‘60s Folk Singer Jackson C. Frank Gets the Remaster/Reissue Treatment

Frank

And one of our favorite labels does the deed…

Ba Da Bing Records is prepping the release of Jackson C. Frank: The Complete Recordings. Three years in the making, this collection presents, for the first time, the entire discography of a folk singer regarded by many as one of the best and most important songwriters of the 1960s. The collection also includes 24 songs appearing for the first time, converted from recently discovered recordings.

It’s set for August 4. Everything has been remastered, and in conjunction with these records, Ba Da Bing is publishing Jackson C. Frank: The Clear, Hard Light of Genius by Jim Abbott, the man who befriended and looked after Frank in the singer’s final years.

The backstory: A life plagued by tragedy with the most haunting music to show for it, Frank’s story can be heard through his music, which has been covered by the likes of Nick Drake (who was greatly influenced by Frank, as indicated by his many cover songs), Simon & Garfunkel, Sandy Denny, Fairport Convention, Bert Jansch, John Renbourn, Marianne Faithfull, John Hawkes in the film Martha Marcie May Marlene, Robin Pecknold of Fleet Foxes, Colin Meloy of The Decemberists, Laura Marling, First Aid Kit, Counting Crows, John Mayer, South Korean jazz singer Nah Youn Sun, French singer Graeme Allwright, and Mark Lanegan fronting Soulsavers. Frank’s music also has been sampled by Nas for “Undying Love” and used by Vincent Gallo in The Brown Bunny (it was even done by this kid on YouTube.) While never gaining the recognition he deserved, Jackson C. Frank clearly had his fans.

Frank’s story is a cautionary tale for the dangerous pitfalls of a life lived. At the age of eleven, he was the victim of the infamous Cleveland Hill School Fire in a New York suburb, leaving him burned and disabled; the fire killed 15 of his classmates. It was during an agonizing eight months in the hospital that he picked up a guitar for the first time. Scarred both physically and psychologically, Frank would never fully recover from the wounds. His never-released second album was to include the song “Marlene”, which honors his childhood girlfriend lost in the fire.

In 1965, after an aborted attempt at college, Frank—accompanied by a Martin Guitar and his then-girlfriend Kathy Henry—traveled to England by boat, on which he apocryphally wrote what would be his first and most famous song, “Blues Run The Game.”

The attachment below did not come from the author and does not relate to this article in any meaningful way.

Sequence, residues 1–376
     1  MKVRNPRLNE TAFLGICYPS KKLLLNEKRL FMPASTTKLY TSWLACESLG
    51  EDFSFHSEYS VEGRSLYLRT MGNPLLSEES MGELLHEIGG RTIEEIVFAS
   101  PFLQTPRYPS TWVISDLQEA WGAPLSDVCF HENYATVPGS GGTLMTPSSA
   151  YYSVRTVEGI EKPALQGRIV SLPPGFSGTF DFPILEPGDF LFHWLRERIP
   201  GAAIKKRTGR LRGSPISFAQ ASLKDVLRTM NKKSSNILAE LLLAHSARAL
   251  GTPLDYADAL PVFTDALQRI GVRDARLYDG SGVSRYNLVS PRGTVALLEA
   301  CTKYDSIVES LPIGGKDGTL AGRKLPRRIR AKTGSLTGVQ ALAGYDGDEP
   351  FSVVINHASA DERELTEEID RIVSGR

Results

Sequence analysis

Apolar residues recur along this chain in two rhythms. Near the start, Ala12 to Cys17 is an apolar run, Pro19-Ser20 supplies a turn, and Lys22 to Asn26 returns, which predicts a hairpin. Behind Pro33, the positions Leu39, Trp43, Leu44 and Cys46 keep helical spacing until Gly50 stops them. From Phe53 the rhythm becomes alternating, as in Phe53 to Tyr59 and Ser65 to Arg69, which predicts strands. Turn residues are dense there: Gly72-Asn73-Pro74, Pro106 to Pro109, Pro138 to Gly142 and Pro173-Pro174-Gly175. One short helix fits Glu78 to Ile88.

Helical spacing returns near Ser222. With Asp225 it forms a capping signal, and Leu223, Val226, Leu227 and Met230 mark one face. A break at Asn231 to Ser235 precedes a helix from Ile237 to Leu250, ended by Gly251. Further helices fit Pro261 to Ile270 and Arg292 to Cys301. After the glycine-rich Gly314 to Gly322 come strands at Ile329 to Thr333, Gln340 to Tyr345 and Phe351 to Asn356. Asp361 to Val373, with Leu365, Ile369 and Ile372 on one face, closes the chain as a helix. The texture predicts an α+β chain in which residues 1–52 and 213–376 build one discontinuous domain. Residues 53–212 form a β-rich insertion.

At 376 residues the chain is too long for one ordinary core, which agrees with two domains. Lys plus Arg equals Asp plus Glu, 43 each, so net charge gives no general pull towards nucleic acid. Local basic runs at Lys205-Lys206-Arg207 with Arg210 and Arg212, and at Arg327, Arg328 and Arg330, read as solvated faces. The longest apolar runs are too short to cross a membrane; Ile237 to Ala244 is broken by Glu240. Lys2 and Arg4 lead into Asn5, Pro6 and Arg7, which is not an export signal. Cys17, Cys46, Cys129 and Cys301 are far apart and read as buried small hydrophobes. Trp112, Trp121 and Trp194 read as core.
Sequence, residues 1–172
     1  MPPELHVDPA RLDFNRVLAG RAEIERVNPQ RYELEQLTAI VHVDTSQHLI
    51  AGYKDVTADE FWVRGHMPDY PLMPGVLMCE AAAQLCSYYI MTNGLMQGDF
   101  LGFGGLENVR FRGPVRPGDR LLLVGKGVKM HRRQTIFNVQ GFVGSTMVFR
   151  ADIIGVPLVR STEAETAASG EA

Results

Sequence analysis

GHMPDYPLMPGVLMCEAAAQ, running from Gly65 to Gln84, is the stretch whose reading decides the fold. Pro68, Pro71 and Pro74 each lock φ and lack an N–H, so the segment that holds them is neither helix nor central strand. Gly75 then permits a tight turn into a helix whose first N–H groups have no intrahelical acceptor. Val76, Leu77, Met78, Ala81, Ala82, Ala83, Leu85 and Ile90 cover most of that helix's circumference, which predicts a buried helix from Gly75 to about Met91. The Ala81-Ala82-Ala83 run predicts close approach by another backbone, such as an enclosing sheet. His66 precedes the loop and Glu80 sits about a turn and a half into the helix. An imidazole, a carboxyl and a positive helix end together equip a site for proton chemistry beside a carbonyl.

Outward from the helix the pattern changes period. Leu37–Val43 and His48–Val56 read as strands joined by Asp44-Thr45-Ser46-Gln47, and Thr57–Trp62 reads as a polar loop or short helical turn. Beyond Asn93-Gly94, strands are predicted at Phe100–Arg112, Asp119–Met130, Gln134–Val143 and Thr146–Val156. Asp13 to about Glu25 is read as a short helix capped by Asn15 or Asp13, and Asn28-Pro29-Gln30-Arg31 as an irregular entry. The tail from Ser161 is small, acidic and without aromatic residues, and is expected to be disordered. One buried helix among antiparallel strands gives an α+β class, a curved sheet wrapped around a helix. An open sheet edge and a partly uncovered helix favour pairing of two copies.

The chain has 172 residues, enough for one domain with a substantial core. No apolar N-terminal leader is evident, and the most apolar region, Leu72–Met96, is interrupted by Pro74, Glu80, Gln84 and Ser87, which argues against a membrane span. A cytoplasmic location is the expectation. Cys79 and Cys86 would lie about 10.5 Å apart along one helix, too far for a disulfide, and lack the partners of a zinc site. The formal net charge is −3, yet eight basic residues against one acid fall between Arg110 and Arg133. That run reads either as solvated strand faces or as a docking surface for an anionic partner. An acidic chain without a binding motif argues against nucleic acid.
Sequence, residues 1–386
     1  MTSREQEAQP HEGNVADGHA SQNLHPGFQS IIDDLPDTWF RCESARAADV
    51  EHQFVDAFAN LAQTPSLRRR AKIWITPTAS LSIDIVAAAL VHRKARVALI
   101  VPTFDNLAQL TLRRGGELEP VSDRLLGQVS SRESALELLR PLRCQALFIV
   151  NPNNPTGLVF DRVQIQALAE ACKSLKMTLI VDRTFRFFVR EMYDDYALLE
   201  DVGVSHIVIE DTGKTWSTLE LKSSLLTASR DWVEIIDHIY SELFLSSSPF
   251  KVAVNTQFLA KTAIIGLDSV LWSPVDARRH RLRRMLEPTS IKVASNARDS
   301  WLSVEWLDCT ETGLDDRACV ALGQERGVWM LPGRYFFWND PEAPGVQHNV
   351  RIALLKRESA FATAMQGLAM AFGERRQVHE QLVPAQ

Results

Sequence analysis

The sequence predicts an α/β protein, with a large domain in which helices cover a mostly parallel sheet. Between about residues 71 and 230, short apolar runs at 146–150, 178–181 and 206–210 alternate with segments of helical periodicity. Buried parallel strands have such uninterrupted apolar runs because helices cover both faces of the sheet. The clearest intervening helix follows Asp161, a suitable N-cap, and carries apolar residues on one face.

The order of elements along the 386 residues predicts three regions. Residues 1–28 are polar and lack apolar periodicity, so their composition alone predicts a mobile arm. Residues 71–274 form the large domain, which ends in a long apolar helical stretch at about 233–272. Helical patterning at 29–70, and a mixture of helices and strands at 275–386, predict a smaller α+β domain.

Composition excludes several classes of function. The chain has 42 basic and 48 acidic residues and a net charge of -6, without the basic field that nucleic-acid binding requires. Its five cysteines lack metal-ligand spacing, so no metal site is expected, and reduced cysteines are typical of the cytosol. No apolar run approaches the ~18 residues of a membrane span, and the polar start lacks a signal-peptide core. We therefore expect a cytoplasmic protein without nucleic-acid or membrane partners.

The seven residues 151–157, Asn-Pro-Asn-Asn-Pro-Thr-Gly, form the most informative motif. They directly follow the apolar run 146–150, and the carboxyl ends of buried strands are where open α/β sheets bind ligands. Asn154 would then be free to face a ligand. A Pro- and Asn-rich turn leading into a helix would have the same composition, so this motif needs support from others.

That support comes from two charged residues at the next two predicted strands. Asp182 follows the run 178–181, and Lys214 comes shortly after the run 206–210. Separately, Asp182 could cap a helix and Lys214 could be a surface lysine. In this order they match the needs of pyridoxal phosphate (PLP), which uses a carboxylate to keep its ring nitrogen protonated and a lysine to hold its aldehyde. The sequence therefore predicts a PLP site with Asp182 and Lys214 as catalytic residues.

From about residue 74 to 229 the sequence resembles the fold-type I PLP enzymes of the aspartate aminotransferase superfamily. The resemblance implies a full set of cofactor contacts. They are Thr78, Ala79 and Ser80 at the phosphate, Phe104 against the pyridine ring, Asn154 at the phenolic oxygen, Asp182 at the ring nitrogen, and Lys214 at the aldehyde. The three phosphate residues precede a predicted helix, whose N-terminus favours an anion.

Frank soon found himself making the rounds of the London folk clubs and rubbing shoulders with Bert Jansch, Roy Harper, John Renbourn, Dave Van Ronk, Tom Paxton, Mike Seeger and Sandy Denny, who became Jackson’s girlfriend. (Later, she wrote the somber song “Next Time Around” about him.)

Frank’s music caught the interest of another young American songwriter in London: Paul Simon, who in ’65 produced Frank’s debut album, Jackson C. Frank. Simon brought Al Stewart along to play guitar, while Sandy Denny, Judith Piepe and Art Garfunkel kept them company (and supposedly even fetched Frank tea).

After recording his album, however, Frank’s health took a turn for the worse. The ensuing years were unkind. He met his future wife Elaine Sedgwick (cousin of Edie), at a London party, and when his money began to run out he left London for Woodstock, where they married. The relationship was marked by a miscarriage and the death of their first-born son to cystic fibrosis, and Jackson’s subsequent mental unraveling. Frank was later diagnosed as paranoid schizophrenic and battled excessive weight gain from a thyroid problem developed after the fire. Additionally, he went through bouts of intermittent homelessness between stays at various upstate shelters. One day, while he waited in a park to be moved to a new facility, he was shot and blinded in his left eye by neighborhood children with a BB gun. The light from this period of his life came from Jim Abbott, who looked after the singer until Frank’s death in 1999.

Frank’s recordings span four decades and his key album has enjoyed numerous (official and unofficial) reissues, and an expanded double CD edition, whic appeared in 2003 from Sanctuary, with 33 previously unreleased songs. Jackson C Frank: The Complete Recordings contains a total of 67 tracks, including all the Sanctuary material, plus 24 more songs.

The 6xLP version comes in three separate volumes, two-LPs each (LP 6 is one-sided) sold separately, and housed in a Stoughton gatefold old-style jacket. The 3xCD version comes in a six panel cardboard wallet.

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The Special Edition Box Set is housed in a handmade ash wood box, finished with walnut oil, engraved and branded and will be limited to 150 copies. Get ready, collectors.

 

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